The Scope of LOA

In defining the scope of LOA, I argue that large-scale and school-based assessments need to be brought into alignment with an orientation towards learning. In other words, macro-level educational policies need to be implemented without creating negative impacts at the micro-level. It is necessary to move away from dichotomous views of assessment, such as large-scale versus learning-oriented approaches, and to consider how assessments of all kinds can be designed and used to support learning. This means reevaluating the traditional distinction made between summative and formative types of assessment and considering how various kinds of evidence from assessment can be used more effectively in complementary ways.

It is important to remember that many assessment procedures are typically used in school settings for a variety of different purposes, e.g., for placement, to check progress, or to award grades. Sometimes formal procedures similar to large-scale examinations are used, such as objective test formats (multiple choice, cloze, etc.), with scores or ratings kept as records of learners’ achievements. These results tend to be used within the school and its immediate societal context for the benefit of the learners themselves, other teachers, and family members. In this sense, they are considered lower stakes compared with large-scale examinations.

However, the most frequently occurring assessments in classrooms do not use formal testing methods but are integrated into regular teaching practice. These may be carefully planned but may also arise spontaneously from the affordances that occur in classroom interactions. Such observational practices enable immediate feedback to the learners and are at the heart of classroom teaching. They occur through a range of teacher-based techniques associated with good teaching practice, including questioning, eliciting, scaffolding, diagnosing, and providing feedback for reflection. TBA of this kind arises from the specific dynamics within a lesson and can enable the learners themselves to become “assessors” if they are encouraged to reflect on their own learning or to work collaboratively with their peers to understand learning processes and progression, i.e., to engage in self- and peer-assessment as a part of their classroom interactions.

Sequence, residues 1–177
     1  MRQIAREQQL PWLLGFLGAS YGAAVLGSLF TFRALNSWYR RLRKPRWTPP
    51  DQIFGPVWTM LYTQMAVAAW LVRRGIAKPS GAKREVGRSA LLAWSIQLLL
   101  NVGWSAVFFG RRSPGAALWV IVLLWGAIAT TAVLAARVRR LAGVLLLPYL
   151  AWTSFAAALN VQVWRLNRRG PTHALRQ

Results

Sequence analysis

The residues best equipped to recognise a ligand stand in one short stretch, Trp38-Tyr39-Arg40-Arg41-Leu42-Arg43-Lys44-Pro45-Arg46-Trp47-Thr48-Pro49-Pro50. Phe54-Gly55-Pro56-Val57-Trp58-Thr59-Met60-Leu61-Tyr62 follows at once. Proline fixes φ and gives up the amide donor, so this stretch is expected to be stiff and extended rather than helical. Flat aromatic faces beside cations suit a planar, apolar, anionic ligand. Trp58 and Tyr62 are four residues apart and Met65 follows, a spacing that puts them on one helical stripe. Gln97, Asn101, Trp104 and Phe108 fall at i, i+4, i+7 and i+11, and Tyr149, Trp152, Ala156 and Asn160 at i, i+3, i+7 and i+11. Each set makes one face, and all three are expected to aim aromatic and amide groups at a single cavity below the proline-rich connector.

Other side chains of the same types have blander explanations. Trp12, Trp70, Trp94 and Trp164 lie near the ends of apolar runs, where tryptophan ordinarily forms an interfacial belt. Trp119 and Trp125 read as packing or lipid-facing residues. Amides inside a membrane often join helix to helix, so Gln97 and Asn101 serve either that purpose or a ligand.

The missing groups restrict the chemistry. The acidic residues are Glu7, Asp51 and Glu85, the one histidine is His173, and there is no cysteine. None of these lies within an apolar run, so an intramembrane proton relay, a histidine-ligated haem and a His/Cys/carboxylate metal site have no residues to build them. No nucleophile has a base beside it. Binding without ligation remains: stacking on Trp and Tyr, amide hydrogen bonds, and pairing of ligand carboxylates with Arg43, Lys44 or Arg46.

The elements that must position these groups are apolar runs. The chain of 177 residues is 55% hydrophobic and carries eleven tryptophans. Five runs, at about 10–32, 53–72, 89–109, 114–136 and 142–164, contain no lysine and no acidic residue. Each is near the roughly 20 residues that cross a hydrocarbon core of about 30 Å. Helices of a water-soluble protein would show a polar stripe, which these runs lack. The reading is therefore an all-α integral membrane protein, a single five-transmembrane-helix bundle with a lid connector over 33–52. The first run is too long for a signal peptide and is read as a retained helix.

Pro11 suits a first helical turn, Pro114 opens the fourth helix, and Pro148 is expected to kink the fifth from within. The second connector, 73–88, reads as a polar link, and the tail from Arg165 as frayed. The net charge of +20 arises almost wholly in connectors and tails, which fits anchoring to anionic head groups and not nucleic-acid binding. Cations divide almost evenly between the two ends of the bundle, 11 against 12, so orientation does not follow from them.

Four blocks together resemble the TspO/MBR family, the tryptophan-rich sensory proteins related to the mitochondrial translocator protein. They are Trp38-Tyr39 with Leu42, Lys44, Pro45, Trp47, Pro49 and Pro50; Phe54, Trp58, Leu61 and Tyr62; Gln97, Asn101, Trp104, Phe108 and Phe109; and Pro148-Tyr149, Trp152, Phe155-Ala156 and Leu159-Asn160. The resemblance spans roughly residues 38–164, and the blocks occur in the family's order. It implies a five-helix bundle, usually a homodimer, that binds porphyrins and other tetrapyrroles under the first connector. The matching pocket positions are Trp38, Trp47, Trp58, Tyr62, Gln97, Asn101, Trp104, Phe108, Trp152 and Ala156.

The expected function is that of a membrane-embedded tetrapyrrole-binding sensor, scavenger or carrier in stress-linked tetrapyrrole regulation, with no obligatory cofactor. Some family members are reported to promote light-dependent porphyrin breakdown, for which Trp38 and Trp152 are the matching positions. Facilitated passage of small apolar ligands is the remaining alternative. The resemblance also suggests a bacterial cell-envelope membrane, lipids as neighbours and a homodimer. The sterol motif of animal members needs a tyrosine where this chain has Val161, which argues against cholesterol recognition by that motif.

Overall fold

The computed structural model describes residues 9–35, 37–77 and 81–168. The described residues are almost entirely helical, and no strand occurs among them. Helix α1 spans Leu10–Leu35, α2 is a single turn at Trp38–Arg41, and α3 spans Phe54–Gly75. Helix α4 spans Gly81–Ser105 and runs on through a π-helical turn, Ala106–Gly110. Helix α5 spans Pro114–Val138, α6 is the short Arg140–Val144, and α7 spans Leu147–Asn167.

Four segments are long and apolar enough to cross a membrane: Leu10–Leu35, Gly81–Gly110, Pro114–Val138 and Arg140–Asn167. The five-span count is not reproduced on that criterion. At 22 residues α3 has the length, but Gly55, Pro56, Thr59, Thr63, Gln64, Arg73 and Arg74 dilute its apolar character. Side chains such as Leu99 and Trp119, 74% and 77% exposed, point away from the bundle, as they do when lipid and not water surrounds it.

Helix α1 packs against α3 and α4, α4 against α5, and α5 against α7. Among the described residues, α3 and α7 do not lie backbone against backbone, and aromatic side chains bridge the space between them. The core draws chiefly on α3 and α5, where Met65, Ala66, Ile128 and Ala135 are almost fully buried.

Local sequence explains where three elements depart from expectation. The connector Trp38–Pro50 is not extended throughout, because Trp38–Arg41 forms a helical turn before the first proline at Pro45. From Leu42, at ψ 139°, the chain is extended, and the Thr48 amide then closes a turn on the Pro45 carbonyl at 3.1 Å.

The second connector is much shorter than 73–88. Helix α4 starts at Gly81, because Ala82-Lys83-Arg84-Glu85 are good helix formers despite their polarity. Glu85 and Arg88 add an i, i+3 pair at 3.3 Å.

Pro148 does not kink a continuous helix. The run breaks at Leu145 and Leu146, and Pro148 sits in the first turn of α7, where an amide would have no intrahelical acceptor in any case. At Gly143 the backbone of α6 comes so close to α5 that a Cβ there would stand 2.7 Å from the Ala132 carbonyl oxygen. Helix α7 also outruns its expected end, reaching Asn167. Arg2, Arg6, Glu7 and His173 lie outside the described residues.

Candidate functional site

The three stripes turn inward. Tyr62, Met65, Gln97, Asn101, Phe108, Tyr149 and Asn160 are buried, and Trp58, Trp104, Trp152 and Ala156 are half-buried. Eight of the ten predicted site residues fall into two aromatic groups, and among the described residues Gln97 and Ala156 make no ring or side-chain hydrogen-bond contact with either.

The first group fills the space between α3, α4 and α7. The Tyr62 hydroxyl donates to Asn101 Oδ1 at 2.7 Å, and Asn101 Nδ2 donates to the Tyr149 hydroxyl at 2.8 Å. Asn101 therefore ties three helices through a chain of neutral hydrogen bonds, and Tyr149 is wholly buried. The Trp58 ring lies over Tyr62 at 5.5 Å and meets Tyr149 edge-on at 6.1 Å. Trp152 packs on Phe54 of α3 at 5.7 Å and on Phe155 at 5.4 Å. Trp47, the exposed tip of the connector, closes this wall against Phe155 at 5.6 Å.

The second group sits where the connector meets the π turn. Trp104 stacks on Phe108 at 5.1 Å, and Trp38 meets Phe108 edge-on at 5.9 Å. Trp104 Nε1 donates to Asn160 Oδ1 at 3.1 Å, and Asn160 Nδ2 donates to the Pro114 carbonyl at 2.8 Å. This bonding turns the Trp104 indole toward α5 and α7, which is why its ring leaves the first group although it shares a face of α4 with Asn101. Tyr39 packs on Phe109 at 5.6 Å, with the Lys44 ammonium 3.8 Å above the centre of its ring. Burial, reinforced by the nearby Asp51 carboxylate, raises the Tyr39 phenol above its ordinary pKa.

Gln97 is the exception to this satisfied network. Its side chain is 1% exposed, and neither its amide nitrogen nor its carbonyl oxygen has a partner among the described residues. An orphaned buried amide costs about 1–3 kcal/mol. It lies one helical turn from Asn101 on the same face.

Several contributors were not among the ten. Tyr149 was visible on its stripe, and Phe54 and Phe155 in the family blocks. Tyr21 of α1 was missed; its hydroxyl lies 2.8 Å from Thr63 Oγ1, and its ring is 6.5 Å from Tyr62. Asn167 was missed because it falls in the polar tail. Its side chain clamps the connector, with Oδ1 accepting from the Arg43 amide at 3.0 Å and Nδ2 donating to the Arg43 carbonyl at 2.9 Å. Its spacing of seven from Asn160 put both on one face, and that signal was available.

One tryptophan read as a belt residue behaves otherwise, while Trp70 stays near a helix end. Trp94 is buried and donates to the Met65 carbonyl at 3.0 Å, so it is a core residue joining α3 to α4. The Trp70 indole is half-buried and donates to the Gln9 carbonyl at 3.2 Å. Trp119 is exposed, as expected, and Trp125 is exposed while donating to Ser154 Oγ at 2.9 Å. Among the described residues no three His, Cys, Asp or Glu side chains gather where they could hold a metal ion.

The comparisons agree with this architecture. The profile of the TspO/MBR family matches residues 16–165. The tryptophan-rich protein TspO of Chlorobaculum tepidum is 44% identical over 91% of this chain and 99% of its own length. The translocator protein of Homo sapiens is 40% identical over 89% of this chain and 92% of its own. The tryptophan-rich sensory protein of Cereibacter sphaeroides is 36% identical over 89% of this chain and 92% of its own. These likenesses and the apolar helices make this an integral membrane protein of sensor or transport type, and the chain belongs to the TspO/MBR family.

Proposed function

Unlike the large-scale assessments that are nor integrated into learning processes in a fundamental way, TBA is necessarily associated with formative uses of assessment that are highly integrated. This kind of “observation-based” assessment received little attention in the language assessment literature until recently (Rea-Dickens, 2004), but there has been a growing body of work informed by the wider educational literature and general learning theories. Assessment thus becomes a central component of learning. This raises an important question: What is normal teaching practice, and when does it become assessment? Bennett (2011) addresses this question in a critical review of formative assessment, and this point is taken up below in considering the importance of evidence of learning within the systemic LOA model.